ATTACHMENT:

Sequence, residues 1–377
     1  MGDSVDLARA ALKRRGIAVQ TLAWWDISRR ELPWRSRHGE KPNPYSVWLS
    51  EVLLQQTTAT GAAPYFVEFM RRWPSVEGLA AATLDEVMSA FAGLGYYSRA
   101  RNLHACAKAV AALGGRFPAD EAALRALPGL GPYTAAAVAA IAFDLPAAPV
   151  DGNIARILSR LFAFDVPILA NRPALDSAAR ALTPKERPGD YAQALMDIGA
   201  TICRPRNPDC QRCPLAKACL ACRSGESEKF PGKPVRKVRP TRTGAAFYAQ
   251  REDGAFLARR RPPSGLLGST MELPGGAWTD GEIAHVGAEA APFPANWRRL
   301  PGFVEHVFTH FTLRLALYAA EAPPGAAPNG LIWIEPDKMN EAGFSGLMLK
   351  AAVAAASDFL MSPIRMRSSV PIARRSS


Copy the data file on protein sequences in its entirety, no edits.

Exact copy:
Sequence, residues 1–377
     1  MGDSVDLARA ALKRRGIAVQ TLAWWDISRR ELPWRSRHGE KPNPYSVWLS
    51  EVLLQQTTAT GAAPYFVEFM RRWPSVEGLA AATLDEVMSA FAGLGYYSRA
   101  RNLHACAKAV AALGGRFPAD EAALRALPGL GPYTAAAVAA IAFDLPAAPV
   151  DGNIARILSR LFAFDVPILA NRPALDSAAR ALTPKERPGD YAQALMDIGA
   201  TICRPRNPDC QRCPLAKACL ACRSGESEKF PGKPVRKVRP TRTGAAFYAQ
   251  REDGAFLARR RPPSGLLGST MELPGGAWTD GEIAHVGAEA APFPANWRRL
   301  PGFVEHVFTH FTLRLALYAA EAPPGAAPNG LIWIEPDKMN EAGFSGLMLK
   351  AAVAAASDFL MSPIRMRSSV PIARRSS